Ahead of this Covid-19 pandemic, many physical-store merchants considered contactless payments for a trend. Most didn’t find a reason to implement contactless systems. They were, after all, expensive to install and difficult to operate with little apparent yield on the investment.
Then came the coronavirus. Everything changed for contactless payments. Now clients are reluctant to touch PIN-pads, money, pens, and receipts.
My previous article addressed near field communication, the technology that powers most contactless payment approaches in North America. Apple Pay, Google Pay, and all plastic tap-to-pay charge cards use NFC to transmit payment credentials from the customer’s phone or contactless card to the point-of-sale card reader — without actually coming into contact with each other.
In this post, I will examine an alternative for contactless payments: QR codes.
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A QR barcode can be read by optical scanners and from the cameras in practically all modern smartphones. When a QR code is scanned, the device can quickly answer the instructions embedded in the barcode. A QR recorder –“quick response” — is two-dimensional because it can arrange the information vertically and horizontally. A linear barcode is one-dimensional because the info is stored only horizontally.
A QR barcode (at left) organizes data vertically and horizontally. A linear barcode (at right) stores data only horizontally.
Normally, the QR code will instruct the scanning smartphone to navigate into a website automatically. As opposed to asking someone to create a lengthy URL, it is a lot easier to point a smartphone in the QR code and have the website or app open automatically. It’s this ease of use which makes QR codes a replacement for NFC for contactless payments.
Once scanned, a normal QR code will instruct the smartphone to navigate to a URL. Instructions, including the URL itself, are embedded in the two-way recorder picture.
NFC vs. QR Codes
NFC is the leading technology for contactless payments in North America. Nonetheless, it has several troublesome issues, for example:
- Clients should have NFC-enabled smartphones or NFC contactless credit cards.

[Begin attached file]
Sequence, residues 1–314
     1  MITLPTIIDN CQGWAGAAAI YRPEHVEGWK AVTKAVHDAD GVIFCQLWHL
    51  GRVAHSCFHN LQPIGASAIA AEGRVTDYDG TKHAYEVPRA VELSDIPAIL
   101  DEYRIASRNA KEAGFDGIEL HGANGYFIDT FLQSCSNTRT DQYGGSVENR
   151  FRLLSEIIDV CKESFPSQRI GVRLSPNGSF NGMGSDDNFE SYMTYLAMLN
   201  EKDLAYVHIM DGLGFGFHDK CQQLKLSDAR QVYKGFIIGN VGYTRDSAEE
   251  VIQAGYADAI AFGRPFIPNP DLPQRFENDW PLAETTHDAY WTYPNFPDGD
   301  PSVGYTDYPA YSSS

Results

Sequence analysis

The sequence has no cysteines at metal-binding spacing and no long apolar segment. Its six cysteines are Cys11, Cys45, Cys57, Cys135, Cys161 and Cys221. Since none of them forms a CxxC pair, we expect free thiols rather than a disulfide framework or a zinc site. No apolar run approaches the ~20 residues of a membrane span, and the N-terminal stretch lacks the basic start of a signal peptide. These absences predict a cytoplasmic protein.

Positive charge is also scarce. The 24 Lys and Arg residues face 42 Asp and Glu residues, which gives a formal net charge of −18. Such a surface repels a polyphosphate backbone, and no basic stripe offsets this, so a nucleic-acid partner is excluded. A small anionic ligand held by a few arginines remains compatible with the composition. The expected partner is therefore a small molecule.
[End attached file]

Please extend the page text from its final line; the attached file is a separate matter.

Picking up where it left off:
- An NFC-enabled smartphone requires an installed app, such as Apple or Google Pay, employing a registered payment card in the app.
- It could be frustratingly tough for customers to find the suitable area to wave or tap on the apparatus so the point-of-sale terminal can choose the transaction.
- Merchants must install costly point-of-sale equipment to take NFC payments and, frequently, train their workers to operate it.
QR codes for contactless payments have the potential to overcome these challenges.
QR Codes for Payments
Merchants that accept QR codes exhibit that code at the checkout counter or any location inside or outside the store (such as websites and apps). The display can be a sign, a sticker, a poster, a business card — anything a phone camera can scan.
Once scanned, the QR code activates the customer’s phone to navigate to a website or launch an installed app. A merchant can create a payment-accepting website, but it’s a lot more common to use an existing QR-code service from a payment processor or lender. An easy, cost-effective solution in my experience is PayPal’s QR code functionality.
PayPal’s QR code functionality is simple and cost-effective.
When a scanned QR code opens a website, the customer enters the purchase amount, selects a payment method (typically a card or other method on file), and then presses a”pay now” or”send” button.
In most QR-code-based payment systems, the customer and the merchant will be given a payment-complete notification immediately. Frequently a merchant will request to ascertain the customer’s electronic receipt (displayed on the phone ) in the exact same time the merchant is checking to ascertain whether the payment was received. When both parties are satisfied that the transaction is completed, the customer can exit the store with the product.
Throughout the process, a customer does not have to touch anything except her smartphone. The merchant has just to look at a computer display, smartphone, tablet, or any other internet-connected device.
QR-code payments, such as NFC, face obstacles to widespread adoption. Some of the disadvantages are:
- Training. Customers need to be trained to scan QR barcodes properly.
- Entering an amount could be perplexing. After scanning the QR code correctly, customers’ phones will open a website in order to join the amount owed. This procedure can be complicated and mistake-prone as customers are used to a point-of-sale terminal displaying the total owed.
- A secure online connection is required for both the merchant and the customer. A weak connection will result in errors and frustration.
- Clients require a card stored in the QR-code app. It’s most likely not a problem for PayPal’s QR payments since most customers already have a payment system stored in their PayPal account. However, it is less likely for different services.
- Speed. Though they are contactless, QR-code payments are not necessarily fast due to internet glitches, customer confusion, and misunderstanding.
Thus QR-code payments are acceptable for occasional transactions during off-peak hours. Markets, pop-up shops, special deliveries, and professional services (e.g., gardeners, plumbers, electricians) are good candidates. But for busy shops with lines at the checkout counter, NFC is a better option for contactless payments.
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